Natural gas is the gas produced by oil and natural gas wells that comes from reservoirs beneath the surface of the
earth. Just as the crude oil produced by a well must be refined, natural gas must also be processed before it can be used by consumers. One significant difference between the two is that natural gas is often required to be purified, to some extent, before it can be transported through pipelines. Therefore, some processing is done at the site of the well and further purification is done at a processing plant.
The natural gas that we use in our homes and for electricity is mostly methane. The natural gas that is produced from a well is mixed with other hydrocarbons, like propane and butane, and with other compounds like water vapor and possibly carbon dioxide and hydrogen sulfide. The other hydrocarbons, called natural gas liquids, are valuable enough to be sold separately.
If the natural gas is dissolved in oil, the two have to be separated. This is generally done with equipment at the wellsite. Similarly, water in a liquid state can be separated from the gas on site. Water vapor in solution with the gas is more difficult to remove, and this is done either through condensation or dehydration.
Once the natural gas is at the processing plant, further purification can take place. Natural gas containing sulfur (in the form of hydrogen sulfide) is called sour gas and gives off a noticeable smell. Sour gas can be corrosive and even harmful to breathe. If sulfur is present it can be removed (or “sweetened”) by what is called the amine process. The gas is forced through a tower containing amine, which acts to absorb the sulfur. There is also a process for taking the sulfur element out of the hydrogen sulfide, and this makes it possible to use or sell the sulfur. Sulfur is widely used in fertilizers.
The processing plant is also where useful natural gas liquids are separated from the methane. The liquids are first separated from the natural gas, and then they are separated from each other. The liquids may be separated from the gas by an absorbing process, similar to the one used on the sulfur that will generally absorb most of the heavier liquids. However, the lighter liquids (like ethane) may remain. Sometimes, it is more practical to leave these lighter liquids in the natural gas. They can be removed by cooling the gas to very cold temperatures, which causes the ethane and other liquids to condense while the methane remains a gas. Since they each have distinct boiling points, natural gas liquids can be separated by essentially boiling them off one by one.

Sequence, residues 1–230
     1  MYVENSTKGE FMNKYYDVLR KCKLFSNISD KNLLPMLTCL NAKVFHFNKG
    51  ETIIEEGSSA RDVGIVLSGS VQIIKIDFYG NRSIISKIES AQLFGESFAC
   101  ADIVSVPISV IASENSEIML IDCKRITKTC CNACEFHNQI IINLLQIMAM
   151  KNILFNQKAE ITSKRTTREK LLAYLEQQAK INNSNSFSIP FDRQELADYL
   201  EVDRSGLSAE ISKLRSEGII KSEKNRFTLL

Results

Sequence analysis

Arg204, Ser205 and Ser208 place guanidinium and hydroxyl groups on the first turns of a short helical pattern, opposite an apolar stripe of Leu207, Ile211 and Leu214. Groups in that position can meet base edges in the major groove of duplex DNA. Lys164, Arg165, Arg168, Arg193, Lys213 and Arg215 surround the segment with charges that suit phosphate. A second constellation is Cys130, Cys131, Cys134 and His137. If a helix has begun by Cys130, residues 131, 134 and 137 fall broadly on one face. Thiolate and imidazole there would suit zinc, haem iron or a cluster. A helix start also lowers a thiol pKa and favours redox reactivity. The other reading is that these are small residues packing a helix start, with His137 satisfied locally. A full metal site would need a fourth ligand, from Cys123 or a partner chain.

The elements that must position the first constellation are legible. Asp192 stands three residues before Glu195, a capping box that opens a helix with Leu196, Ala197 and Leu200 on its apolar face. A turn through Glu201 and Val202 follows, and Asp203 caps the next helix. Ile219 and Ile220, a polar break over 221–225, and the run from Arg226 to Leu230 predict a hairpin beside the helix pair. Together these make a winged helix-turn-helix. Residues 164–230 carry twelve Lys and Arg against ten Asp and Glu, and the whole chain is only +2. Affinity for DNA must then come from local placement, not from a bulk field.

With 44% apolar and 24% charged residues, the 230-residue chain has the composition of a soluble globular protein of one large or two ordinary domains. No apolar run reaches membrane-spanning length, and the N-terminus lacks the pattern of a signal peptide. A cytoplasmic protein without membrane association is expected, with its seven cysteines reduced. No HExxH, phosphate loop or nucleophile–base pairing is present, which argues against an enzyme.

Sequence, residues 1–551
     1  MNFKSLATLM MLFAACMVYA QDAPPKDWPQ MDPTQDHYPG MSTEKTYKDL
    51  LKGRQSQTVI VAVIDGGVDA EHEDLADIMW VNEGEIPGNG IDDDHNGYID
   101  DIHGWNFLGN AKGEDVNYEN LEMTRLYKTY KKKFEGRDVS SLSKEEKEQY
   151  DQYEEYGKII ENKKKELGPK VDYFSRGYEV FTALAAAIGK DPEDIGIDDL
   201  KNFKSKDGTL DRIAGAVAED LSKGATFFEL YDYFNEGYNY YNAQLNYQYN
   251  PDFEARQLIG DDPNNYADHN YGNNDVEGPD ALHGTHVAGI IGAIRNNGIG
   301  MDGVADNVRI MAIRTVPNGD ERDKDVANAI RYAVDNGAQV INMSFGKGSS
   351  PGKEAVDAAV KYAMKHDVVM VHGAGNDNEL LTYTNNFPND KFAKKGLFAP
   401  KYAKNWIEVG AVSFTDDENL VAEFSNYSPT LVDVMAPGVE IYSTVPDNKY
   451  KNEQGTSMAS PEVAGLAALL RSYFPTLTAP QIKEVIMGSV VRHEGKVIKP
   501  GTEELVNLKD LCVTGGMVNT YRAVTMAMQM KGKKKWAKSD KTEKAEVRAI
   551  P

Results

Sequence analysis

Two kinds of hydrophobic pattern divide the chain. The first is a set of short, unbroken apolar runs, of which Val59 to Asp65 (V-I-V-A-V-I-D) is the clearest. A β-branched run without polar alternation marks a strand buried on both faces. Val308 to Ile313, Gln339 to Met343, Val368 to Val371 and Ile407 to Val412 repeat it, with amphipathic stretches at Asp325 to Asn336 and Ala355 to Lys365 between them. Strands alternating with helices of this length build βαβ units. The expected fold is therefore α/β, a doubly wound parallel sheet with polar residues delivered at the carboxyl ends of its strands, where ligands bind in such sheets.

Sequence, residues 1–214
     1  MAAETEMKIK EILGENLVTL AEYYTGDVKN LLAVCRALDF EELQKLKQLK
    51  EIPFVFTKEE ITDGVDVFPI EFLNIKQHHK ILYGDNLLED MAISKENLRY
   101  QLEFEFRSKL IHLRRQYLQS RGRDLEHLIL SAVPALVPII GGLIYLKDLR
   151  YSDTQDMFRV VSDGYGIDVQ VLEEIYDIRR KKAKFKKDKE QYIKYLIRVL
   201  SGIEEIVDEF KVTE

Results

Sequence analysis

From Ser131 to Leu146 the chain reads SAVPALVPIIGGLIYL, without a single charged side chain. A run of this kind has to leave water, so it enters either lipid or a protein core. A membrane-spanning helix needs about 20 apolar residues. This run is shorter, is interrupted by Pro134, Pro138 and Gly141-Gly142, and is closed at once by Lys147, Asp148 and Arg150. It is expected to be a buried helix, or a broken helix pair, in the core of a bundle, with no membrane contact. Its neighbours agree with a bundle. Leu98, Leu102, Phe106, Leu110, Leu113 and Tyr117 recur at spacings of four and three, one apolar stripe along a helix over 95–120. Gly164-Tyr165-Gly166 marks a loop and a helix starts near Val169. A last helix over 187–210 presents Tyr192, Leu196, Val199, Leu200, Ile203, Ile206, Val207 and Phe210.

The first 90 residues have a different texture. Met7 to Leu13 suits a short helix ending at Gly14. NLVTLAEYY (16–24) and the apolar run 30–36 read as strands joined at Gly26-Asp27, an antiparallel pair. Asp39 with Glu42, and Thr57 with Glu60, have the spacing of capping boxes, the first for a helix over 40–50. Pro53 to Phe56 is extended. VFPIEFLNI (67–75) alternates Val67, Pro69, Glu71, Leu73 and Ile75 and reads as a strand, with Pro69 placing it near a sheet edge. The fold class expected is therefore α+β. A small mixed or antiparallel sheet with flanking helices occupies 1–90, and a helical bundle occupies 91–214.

The various products of natural gas have many different uses. Propane and butane can be used for heating and energy. Pentane, another natural gas liquid, is used in many things including polystyrene foam. Isobutane is used as refrigerant, a propellant for aerosol, and foam products. It has significantly less impact on the ozone than the chlorofluorocarbons that perform similar functions.
The most significant product of natural gas processing is methane commonly referred to as natural gas. The U.S. Energy Information Administration (EIA) estimates that natural gas was responsible for twenty-five percent of the electricity produced in the U.S. in 2011. This represents an increase from thirteen percent in 1993, and the EIA projects continued growth through 2040.
Natural gas is a growing industry. Hydraulic fracturing and other techniques for obtaining oil and gas have made previously uneconomic or low volume wells viable sources of hydrocarbons. Wells are being drilled in many new places, and the United States’ supply of natural gas is expected grow significantly in the coming years. This increase in supply is a major factor in the projected growth of the use of natural gas for electricity.
Natural gas can be used as fuel for automobiles, as compressed natural gas can power engines much like other fuels. Some countries have had success with compressed gas, particularly with buses and other forms of public transportation that benefit from the lower fuel costs. Congress and some local governments have used incentives and tax credits to encourage the use of compressed gas vehicles in the U.S.
The cold weather had a substantial impact on natural gas. Based on heating degree days (a measurement of the energy used to heat buildings), the EIA estimated that the winter of 2013-2014 was ten percent colder than the average winter over the past decade. The huge increase in demand led to record amounts of natural gas being withdrawn from storage. This led to a significant increase in the price of propane, with prices more than doubling in the Midwest between the beginning of December and the end of January, though the prices did return closer to normal by the start of March. In some markets, like New England, prices hit a record high. Our need for, and dependence on, natural gas for heating and electricity is expected to increase keeping demand for this natural source of energy high.